By Jim Phillips, Senior Editor – Classic Wrestling
Welcome back, Bruthas and Sistas. It’s time once again to pick up on the history of the business and further examine the footprint left by the eventual winner of the game. The shifting cast of characters that made up the world of professional wrestling was in flux and moving across the country, with many choosing their place of employment for the next decade. As the growth of Mid-Atlantic, Georgia Championship, and Championship from Florida continued to encroach northwards, Vince Sr. moved to shore up his foothold, as well as collect as many of the premier workers of the day to sign on with his WWWF and invest in it’s longterm expansions.
We left Bruno sitting stop the mountain as the World Champion as the Seventies began, as well as being one half of the WWWF International Tag Team Champions with his partner Tony “The Battman” Marino. Victor Rivera soon stepped in to take Sammartino’s place a tag title holder, since WWWF had provisions in their contracts that did not allow for a wrestler to hold two belts simultaneously. Little did the Italian Strongman realize, that there would be another major title change in his near future.
McMahon kept his close circle of Generals around him and utilized their skills and abilities in the business to strengthen his promotion from within, as well as nationally. Skaanland, Monsoon, Bruno and a choice other few had the ear of McMahon and he valued their council in his decision making. It once such instance that saw the shift in Lou Albano from being a member of the Sicilians, to working as a manager.
In early 1970, Bruno went to Sr. and expressed his thoughts on Albano moving to the ringside spot and working as a manager. Keep in mind that in those days, managers weren’t as widely used, and their value had not yet been capitalized on. Seeing his abilities to think on his feet and quickly turn a phrase, Bruno and Sr. moved to place him in a spot that better served them all. So Albano, along with Skaaland were the two preeminent managers in the company. Albano represented the up and coming Crusher Verdu, and shepherded him into a match that Summer against Bruno, who had Skaaland in his corner. Though Verdu lost the match, and moved on out of the WWWF, The Captain was born, and Lou opened the door for the company to experiment in different archetypes of the manager gimmick. By the end of the decade, they would have one of the greatest stables of managers in professional wrestling and would only build upon this in the decade that followed.
That year also saw a trio of men enter the doors of the WWWF, and all would stay on to become mainstay players over their careers, making themselves synonymous with the company brand. Whenever you hear the names of these men, no matter their earlier careers, you immediately think of New York. Let’s begin with the Italian-American from New Jersey that made bones as a Native-American warrior.
Born Luke Scarpa in the Fall of 1928, Chief Jay Strongbow started his career in the late Forties, at the age of nineteen, working the “NWA circuit” throughout Georgia and Florida, but it wasn’t until he showed up in the WWWF that things started to go to that next level for him. He came up against Crusher Verdu, with Albano in tow. The two had a short lived feud, just before Verdu left the company, but the Chief had to contend with Albano again when he had a run of matches against another of Lou’s men, Iron Mike McCord. Even though he lost that match, due to interference by Albano that left him bloody in the ring, the charisma of Chief Jay, personified by his war dance to the ring and colorful headdress of feathers he donned, that lent him to be more suited to television that some others in the company. This exposure also led to him becoming one of the top babyfaces of the Early to Mid-Seventies.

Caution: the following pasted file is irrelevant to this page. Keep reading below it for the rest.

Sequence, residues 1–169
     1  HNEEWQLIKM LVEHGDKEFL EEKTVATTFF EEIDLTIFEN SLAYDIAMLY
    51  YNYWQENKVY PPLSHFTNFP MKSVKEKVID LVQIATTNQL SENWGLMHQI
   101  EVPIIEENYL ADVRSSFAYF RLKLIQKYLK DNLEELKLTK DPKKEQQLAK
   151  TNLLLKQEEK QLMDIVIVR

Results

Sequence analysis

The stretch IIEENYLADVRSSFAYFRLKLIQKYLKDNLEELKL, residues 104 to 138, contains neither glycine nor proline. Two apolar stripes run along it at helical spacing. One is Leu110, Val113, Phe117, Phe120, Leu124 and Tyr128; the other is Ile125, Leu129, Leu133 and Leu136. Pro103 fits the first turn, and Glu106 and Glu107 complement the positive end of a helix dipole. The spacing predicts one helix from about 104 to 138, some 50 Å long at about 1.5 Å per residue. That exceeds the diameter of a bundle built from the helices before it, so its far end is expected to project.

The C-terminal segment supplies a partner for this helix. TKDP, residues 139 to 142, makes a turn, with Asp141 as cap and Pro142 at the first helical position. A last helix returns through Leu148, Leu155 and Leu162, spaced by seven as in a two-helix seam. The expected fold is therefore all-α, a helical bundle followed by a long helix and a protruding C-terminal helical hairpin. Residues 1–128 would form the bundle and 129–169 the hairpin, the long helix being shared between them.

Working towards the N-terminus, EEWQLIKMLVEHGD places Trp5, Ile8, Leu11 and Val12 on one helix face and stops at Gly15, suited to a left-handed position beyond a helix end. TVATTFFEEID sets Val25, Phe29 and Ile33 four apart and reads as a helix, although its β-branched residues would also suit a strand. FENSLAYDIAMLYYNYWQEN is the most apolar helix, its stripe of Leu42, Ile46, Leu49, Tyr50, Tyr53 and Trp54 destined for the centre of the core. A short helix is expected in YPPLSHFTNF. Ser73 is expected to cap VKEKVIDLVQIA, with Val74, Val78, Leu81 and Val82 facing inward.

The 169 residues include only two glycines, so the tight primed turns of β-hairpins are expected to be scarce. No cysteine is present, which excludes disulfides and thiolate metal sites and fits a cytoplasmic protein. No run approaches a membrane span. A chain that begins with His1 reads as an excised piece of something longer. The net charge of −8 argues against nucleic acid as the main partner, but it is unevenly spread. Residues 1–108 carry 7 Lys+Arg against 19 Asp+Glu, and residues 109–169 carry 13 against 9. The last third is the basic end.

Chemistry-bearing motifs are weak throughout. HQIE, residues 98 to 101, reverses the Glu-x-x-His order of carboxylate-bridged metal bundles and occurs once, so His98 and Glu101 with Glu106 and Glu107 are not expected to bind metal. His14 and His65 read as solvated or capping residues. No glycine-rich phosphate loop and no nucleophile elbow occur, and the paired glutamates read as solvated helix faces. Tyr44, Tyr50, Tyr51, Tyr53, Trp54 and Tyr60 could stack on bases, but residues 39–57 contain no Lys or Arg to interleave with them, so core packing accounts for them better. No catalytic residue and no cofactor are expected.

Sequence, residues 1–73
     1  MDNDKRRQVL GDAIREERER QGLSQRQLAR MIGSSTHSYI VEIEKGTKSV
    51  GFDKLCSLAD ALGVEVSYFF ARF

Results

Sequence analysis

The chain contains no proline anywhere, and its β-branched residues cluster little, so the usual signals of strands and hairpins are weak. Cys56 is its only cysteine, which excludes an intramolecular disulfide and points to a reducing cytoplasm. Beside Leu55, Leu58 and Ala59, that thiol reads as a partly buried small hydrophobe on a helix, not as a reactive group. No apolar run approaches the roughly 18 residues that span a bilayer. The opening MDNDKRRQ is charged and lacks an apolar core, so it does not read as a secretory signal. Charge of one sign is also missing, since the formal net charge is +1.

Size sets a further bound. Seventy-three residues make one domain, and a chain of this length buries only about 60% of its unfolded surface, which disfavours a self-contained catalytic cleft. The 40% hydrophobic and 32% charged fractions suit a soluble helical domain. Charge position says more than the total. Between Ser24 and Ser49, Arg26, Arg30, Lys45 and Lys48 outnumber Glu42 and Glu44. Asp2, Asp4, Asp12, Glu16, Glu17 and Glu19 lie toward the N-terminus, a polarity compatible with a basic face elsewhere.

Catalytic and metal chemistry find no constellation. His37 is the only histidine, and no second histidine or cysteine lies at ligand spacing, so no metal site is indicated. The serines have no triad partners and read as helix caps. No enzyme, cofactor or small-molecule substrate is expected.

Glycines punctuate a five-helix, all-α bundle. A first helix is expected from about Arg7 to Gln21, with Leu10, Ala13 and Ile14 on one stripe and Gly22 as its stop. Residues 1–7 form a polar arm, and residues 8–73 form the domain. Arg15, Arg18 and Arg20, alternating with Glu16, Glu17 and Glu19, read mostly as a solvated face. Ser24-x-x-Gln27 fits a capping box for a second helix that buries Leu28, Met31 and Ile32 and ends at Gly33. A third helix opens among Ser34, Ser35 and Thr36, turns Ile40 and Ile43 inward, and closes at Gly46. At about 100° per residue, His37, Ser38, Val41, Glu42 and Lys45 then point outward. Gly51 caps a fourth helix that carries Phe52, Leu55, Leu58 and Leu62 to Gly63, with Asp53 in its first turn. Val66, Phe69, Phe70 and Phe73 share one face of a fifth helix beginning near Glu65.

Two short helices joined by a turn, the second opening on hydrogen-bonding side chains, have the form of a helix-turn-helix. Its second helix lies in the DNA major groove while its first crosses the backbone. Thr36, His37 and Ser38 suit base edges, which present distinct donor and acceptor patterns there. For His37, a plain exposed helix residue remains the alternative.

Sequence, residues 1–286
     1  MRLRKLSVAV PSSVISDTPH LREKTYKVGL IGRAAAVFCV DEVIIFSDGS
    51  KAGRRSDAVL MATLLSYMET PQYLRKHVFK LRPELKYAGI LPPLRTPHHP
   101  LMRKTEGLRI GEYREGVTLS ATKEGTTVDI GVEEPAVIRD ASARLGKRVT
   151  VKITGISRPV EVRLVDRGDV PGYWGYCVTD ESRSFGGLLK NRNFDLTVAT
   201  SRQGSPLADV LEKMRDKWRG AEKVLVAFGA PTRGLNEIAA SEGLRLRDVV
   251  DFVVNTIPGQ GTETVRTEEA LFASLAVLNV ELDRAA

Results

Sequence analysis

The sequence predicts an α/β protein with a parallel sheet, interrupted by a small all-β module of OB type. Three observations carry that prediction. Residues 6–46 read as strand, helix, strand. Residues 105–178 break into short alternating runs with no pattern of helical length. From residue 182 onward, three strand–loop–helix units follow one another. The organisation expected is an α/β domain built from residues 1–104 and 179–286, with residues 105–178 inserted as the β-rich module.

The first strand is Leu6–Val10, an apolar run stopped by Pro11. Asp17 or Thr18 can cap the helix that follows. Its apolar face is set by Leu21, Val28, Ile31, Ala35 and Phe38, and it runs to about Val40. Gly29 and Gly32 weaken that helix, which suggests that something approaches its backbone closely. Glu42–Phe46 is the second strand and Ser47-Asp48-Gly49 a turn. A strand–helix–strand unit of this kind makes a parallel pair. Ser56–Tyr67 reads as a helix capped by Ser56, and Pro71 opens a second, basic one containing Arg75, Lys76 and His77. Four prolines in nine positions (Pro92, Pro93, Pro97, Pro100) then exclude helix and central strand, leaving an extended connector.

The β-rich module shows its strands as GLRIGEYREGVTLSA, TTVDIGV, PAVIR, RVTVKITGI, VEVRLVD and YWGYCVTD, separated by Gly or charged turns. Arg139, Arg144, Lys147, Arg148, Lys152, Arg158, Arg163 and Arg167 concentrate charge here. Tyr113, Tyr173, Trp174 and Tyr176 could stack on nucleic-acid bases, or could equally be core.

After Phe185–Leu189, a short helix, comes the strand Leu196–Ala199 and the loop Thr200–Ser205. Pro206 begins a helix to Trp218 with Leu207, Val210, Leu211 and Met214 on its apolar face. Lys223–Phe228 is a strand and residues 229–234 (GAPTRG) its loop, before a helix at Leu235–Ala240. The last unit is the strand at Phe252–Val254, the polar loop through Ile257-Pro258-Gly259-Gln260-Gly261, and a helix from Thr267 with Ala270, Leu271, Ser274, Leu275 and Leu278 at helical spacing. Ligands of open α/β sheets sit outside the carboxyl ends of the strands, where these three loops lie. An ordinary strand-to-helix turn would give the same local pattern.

If I were to call out the name Bepo Mongol, most of you would have no idea who I was speaking of, but the young man that made his way from Yugoslavia to the United States and cut his teeth in Canada would go on to leave quiet a mark on the wrestling business during the Golden Age of the Eighties as the big man that never started a match without singing the Russian anthem, Nikolai Volkoff.
Born on October 14, 1947 in the Soviet province of Croatia, Josip Peruzovic grew up in a family of proud athletes. His grandfather was a champion greco-roman wrestler, and his brother played football, while Josip himself was a world-level competing weightlifter. In 1967, while at a lifting competition in Austria, the young Croat took a great risk and emigrated back to Canada with a group of fellow athletes. He got his training with Stu Hart at Stampede Wrestling, and eventually worked his way to America through Detroit and the NWA promotions in that area. He worked with Newton Tattrie and the two formed a bond, as well as a successful tag team, winning the tag gold while there.
The two arrived in New York in 1970, and set to establishing themselves as the heel team of the Mongols, Bepo and Geto. Placed in the stable of heel manager Albano, the two set to work on terrorizing the International Tag Team ranks and took those titles from the team of Marino & Victor Rivera in June of that year. They held the titles for over a year, and pummeled their opponents into submission or a state of catatonia as much as they used technical maneuvers. During that year reign, the third man I spoke of entered the fray and quickly became a huge fan favorite that commanded not only the attention of the crowd, but also turned heads in the office.
Pedro Antonio Morales, like the other men we spoke of, was also born in October, in the Fall of 1942 in Culebra, a small island just off the coast of Puerto Rico. He lived there with a huge extended family that encompassed the majority of the population there, until he was eleven, when his mother sent him to live in New York with his Aunt. He quickly made friends in Brooklyn, and was introduced to the local YMCA wrestling program and he was hooked. He had his first match at thirteen, and was a stand out among the other kids. It was also during this time that he became drawn to the world of professional wrestling as a fan of the Capitol Wrestling product. How fitting that he grew up watching the promotion that he would come full circle to, later in his career.